Panel topics focused on issues like freedom of the press in today’s climate, and how to become an alternative or independent journalist who fights for social justice, and still “get paid.”

Atty. Gyamfi said what is not talked about enough is the degree to which many independent Black and other journalists attempting to show what mainstream media neglects, have been arrested, charged, and convicted for showing the truth. 

“They’re right there on the front line in ways that other people cannot be on the front line,” she said.  And in terms of the laws and the way they are being carried out, there is definitely an issue with freedom of speech, she said.

Atty. Gyamfi added, “When we have whistleblowing, and people doing what people used to do, investigative reporting, going in, Watergate, COINTELPRO, all of these things that came to before with the help of journalists, you see that now it’s a very serious thing.  You end up like (Edward) Snowden, accused of terrorism or treason.”

Ms. Muhammad thanked Final Call newspaper founder, the Honorable Minister Louis Farrakhan for the privilege to write for the publication, and Richard B. Muhammad, its editor-in-chief, for now nearly two decades of mentoring and guidance.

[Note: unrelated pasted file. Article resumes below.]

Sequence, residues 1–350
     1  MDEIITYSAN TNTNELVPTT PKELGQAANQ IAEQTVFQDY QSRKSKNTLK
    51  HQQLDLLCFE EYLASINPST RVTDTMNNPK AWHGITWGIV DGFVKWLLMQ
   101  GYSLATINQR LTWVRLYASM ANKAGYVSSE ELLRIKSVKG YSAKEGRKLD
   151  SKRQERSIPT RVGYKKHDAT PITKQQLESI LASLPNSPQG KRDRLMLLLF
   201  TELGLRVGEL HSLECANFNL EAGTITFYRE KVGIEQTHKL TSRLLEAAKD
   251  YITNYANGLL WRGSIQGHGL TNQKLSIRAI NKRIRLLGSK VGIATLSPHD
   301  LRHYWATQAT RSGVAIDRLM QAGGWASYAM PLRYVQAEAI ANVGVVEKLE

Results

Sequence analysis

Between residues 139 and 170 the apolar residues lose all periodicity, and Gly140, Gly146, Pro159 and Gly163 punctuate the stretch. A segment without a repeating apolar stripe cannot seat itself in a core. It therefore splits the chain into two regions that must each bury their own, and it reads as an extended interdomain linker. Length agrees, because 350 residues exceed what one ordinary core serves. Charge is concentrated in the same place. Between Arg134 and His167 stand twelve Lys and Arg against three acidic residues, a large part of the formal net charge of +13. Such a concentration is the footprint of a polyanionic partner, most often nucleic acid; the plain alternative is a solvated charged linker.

Identify your motives and then get to work, encouraged Ms. Muhammad, who also uses her radio platform to uplift positive images of Black women in media, and Pumps on the Ground, her budding alternative media project, to the trenches to cover news on the ground when it breaks.

Ms. Muhammad stated, “Be fierce. People may tell you, like some tell me, you’re wasting your life.  Some tell me I should write for mainstream media and get paid, but waste life?  How can you waste your life trying to save a life?”

Ms. Prescod uses her radio activism to champion the causes like Global Women’s Strike (an international grassroots network which campaigns for the return of military budgets to the community, beginning with women careers in every country), and the Black Coalition Fighting Back Serial Murders, which is fighting for justice for Black women murdered in the 1980s and early 2000s.  Lonnie Franklin, Jr. (dubbed the “Grim Sleeper”) is currently on trial for the slayings.

Work in the trenches and being grounded in community in the tradition of radical journalism are connected and they are critical, because that shapes the stories told and their impact, she said.  Understand, she continued, journalism schools tell students to be objective, but objective from what?

“Objective from whose perspective? Not only that, it’s a lie!  It’s just not true!  … They all have a point of view.  Well, we all have a point of view, and there’s nothing wrong with that,” Ms. Prescod stated.

The event exceeded her expectations, Dr. Abdullah said.  “I wanted to bring awareness to what is going on in the world today, in the past, and what will be best for us to help others and ourselves,” she said.